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Peruvian nuevo sol


The nuevo sol is the currency of Peru. It is subdivided into 100 centimos. The ISO 4217 currency code is PEN.

The name is a return to that of Peru's historic currency, the sol in use from the 19th century to 1985. Although the derivation of sol is from the Latin solidus, the name means sun in Spanish. There is a continuity therefore with the old Peruvian inti, which was named after Inti, the Sun God of the Incas. The exchange rate of the Nuevo Sol orbited around 3 Nuevos Soles to 1 U.S. Dollar for the last decade, the current exchange as of January 22, 2010 is 2.85 Nuevos Soles to 1 U.S. Dollar.

History

Because of the bad state of economics in the 1980s and hyperinflation in the late 1980s the government was forced to abandon the inti and introduce the nuevo sol as the country's new currency. The currency was put into use on July 1, 1991 to replace the inti at a rate of 1 nuevo sol = 1,000,000 intis. Law N 25.295, Unidad Monetaria Nuevo Sol, January 3, 1991 Coins denominated in the new unit were introduced on October 1, 1991 and the first banknotes on November 13, 1991.

Hitherto the nuevo sol currently retains a low inflation rate of 1.5%. Since the new currency was put into effect, it has managed to maintain a stable exchange rate between 2.3 and 3.65 nuevo soles per United States dollar.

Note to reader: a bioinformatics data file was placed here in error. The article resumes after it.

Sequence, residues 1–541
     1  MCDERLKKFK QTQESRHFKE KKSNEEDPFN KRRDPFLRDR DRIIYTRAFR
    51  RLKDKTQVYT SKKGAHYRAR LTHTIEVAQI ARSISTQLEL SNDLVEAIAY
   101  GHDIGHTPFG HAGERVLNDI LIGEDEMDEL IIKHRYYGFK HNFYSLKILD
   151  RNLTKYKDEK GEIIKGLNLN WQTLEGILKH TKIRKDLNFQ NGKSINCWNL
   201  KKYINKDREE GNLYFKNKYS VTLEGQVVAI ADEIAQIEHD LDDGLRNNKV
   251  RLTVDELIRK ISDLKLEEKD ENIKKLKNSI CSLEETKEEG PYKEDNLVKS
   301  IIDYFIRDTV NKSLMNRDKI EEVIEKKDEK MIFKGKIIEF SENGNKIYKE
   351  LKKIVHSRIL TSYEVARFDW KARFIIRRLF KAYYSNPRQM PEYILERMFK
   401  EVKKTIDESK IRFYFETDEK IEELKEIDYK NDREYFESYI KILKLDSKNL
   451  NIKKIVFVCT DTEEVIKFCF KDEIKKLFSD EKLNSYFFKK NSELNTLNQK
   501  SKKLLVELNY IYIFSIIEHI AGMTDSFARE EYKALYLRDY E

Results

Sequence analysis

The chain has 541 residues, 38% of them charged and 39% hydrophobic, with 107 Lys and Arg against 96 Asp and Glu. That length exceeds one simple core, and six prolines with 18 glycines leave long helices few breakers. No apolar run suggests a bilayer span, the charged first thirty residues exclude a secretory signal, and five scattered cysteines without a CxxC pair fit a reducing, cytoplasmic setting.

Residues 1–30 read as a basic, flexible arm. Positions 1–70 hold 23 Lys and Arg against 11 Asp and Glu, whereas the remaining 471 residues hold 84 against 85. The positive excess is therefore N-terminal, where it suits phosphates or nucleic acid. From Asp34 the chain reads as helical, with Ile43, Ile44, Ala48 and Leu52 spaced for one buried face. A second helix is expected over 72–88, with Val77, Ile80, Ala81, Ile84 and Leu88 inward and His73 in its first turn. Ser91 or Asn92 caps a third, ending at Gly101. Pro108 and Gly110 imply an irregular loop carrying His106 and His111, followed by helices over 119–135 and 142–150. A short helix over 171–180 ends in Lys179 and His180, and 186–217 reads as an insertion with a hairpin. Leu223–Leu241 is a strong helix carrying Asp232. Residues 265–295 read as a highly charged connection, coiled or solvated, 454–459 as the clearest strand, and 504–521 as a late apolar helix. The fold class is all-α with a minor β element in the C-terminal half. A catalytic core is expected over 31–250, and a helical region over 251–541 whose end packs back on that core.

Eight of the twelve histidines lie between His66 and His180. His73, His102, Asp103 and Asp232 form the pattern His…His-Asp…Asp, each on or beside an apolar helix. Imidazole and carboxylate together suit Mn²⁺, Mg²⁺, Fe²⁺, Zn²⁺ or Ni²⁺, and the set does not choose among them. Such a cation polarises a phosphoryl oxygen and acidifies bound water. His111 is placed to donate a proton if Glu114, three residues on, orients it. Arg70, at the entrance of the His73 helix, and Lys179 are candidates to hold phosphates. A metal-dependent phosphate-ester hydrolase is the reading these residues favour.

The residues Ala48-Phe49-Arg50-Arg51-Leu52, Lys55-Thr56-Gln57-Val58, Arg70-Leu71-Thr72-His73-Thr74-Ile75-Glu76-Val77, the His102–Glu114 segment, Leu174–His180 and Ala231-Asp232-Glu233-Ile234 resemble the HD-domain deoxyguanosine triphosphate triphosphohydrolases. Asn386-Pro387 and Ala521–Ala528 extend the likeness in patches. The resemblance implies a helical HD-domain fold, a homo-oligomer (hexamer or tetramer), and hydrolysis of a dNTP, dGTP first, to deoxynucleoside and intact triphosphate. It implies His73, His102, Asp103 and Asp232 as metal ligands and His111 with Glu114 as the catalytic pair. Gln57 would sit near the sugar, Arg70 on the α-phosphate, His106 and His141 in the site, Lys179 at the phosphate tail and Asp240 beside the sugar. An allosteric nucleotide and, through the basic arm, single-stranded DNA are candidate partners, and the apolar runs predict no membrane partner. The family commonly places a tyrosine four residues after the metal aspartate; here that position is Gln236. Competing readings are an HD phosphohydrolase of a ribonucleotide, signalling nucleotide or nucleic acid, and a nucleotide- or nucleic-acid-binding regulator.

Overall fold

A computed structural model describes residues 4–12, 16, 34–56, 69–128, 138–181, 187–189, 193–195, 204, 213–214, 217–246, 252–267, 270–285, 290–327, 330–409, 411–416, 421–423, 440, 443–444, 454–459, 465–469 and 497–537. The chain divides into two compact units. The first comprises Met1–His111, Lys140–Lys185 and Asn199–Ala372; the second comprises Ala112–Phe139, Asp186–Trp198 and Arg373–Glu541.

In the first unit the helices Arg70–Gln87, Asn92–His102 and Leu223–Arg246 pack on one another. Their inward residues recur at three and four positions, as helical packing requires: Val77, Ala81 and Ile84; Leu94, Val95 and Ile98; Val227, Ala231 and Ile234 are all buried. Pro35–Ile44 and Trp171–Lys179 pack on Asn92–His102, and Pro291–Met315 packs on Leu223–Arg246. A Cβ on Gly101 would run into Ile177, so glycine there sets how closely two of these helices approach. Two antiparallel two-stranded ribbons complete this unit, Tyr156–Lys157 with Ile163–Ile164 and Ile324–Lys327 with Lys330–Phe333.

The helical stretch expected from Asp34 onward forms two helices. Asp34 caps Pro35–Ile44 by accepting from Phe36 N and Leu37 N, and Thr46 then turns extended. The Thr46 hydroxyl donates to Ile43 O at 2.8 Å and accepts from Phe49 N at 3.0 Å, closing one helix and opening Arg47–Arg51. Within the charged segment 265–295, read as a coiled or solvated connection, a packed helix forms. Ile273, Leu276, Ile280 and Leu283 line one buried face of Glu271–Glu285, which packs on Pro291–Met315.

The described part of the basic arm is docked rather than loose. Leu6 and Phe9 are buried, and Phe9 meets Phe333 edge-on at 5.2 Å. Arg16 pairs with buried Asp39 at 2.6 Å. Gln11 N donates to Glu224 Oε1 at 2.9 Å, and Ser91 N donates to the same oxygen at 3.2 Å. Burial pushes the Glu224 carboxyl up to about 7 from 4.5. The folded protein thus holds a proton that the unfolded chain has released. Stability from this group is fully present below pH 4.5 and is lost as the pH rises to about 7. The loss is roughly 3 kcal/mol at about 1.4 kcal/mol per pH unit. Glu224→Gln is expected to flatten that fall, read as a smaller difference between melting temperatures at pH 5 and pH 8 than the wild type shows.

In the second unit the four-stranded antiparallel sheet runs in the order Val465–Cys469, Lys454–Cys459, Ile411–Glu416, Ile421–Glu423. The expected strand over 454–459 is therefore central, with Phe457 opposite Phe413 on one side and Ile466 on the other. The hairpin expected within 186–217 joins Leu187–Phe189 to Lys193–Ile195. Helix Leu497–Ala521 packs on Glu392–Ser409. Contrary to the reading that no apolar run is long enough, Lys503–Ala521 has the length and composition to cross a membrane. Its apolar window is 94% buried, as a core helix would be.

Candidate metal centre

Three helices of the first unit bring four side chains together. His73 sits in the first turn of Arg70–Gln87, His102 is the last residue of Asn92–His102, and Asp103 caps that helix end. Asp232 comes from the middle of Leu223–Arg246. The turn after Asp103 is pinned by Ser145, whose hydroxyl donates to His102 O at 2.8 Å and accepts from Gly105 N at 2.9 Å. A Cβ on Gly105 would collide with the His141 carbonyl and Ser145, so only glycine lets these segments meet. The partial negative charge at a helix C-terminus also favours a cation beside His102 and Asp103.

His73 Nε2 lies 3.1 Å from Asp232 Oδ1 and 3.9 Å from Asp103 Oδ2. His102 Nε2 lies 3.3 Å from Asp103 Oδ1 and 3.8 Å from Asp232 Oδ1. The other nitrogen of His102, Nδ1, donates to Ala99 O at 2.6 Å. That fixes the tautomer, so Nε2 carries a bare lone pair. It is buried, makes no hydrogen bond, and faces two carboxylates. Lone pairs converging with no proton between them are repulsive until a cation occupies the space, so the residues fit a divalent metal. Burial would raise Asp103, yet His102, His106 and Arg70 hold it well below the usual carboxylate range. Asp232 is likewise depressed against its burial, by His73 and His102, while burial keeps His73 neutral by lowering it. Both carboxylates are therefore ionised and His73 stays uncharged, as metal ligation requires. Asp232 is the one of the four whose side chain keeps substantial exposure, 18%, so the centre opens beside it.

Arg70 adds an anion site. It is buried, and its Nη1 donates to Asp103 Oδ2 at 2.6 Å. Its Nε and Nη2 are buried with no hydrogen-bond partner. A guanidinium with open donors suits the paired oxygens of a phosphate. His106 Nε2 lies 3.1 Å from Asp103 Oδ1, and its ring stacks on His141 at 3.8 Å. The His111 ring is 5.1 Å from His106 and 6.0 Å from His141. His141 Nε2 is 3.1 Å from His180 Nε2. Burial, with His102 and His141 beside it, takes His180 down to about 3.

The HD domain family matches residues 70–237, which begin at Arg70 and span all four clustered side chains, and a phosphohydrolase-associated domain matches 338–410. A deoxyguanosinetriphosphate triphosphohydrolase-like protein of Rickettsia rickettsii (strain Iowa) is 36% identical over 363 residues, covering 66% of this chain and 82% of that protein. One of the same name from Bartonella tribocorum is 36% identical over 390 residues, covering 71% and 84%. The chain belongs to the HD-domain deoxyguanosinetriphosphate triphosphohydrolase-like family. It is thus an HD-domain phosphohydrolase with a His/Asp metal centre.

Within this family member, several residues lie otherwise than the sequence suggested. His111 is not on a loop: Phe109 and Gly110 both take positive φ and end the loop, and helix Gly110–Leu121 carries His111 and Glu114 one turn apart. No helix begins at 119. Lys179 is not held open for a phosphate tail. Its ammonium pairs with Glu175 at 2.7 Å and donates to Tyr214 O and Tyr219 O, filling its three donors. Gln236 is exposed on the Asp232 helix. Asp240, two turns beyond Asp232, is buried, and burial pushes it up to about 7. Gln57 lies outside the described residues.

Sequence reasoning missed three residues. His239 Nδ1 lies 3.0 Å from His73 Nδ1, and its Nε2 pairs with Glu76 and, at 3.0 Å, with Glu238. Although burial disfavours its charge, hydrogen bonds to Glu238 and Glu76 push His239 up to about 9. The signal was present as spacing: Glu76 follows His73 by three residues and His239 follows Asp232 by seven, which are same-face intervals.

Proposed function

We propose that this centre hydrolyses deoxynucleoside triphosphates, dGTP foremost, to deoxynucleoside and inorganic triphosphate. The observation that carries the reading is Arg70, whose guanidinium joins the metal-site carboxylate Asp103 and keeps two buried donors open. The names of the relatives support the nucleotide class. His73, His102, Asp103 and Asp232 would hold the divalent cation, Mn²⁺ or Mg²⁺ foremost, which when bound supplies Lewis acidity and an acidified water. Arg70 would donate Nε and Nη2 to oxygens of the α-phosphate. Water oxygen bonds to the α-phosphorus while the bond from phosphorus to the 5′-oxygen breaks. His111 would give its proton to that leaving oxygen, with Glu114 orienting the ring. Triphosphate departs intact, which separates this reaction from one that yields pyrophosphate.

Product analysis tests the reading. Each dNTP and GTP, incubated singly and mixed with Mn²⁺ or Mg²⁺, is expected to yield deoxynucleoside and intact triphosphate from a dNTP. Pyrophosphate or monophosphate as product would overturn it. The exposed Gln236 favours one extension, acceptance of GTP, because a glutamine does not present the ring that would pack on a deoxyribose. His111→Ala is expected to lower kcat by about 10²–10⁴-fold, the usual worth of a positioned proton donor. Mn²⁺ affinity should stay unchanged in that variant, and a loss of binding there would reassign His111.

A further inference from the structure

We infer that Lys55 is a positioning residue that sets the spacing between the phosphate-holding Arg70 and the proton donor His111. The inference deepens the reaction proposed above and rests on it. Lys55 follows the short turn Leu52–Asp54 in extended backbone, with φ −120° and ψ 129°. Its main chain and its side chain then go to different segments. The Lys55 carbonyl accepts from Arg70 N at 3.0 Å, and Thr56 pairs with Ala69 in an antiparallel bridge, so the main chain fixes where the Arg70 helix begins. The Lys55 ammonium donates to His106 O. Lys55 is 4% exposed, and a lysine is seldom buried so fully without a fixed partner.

Out of all the currencies of the Latin-American region, the Peruvian nuevo sol has been the most stable and reliable currency, also being the currency least affected by the weak dollar global tendency. During the late months of 2007 and the first months of 2008, the rate fell to 2.69 nuevos soles per USD, a rate not seen since 1997. As of June 2008 the dollar went up again and is trading at 2.94 nuevos soles per USD. In late November 2008 one USD equaled 3.09 nuevo soles. As of January 22, 2010 the Peruvian Nuevo Sol is trading at 2.85 per USD.

Coins

The current coins were introduced in 1991 in denominations of 1, 5, 10, 20, and 50 centimos and 1 nuevo sol. The 2 and 5 nuevos soles coins were added in 1994. Although 1 and 5 centimo coins are officially in circulation, they are very rarely used. An aluminium 1 centimo coin was introduced in December 2005., and a 5 centimos coin in 2007 . All coins show the coat of arms of Peru surrounded by the text Banco Central de Reserva del Peru (Central Reserve Bank of Peru) on the obverse. The reverse of all coins shows the denomination. Included in the design of the bi-metallic 2 and 5 nuevos soles coins are the Nazca lines hummingbird and frigate bird figures.

Banknotes

In 1990, banknotes for 10, 20, 50 and 100 nuevos soles were introduced. The banknote for 200 nuevos soles was subsequently introduced in August 1995.

All notes are of the same size and contain the portrait of a well-known historic Peruvian on the obverse.

See also

Economy of Peru

Peruvian inti

Peruvian sol

External links

The Economist Peru Economic Profile

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This article is licensed under the GNU Free Documentation License. It uses material from the Wikipedia article Peruvian nuevo sol


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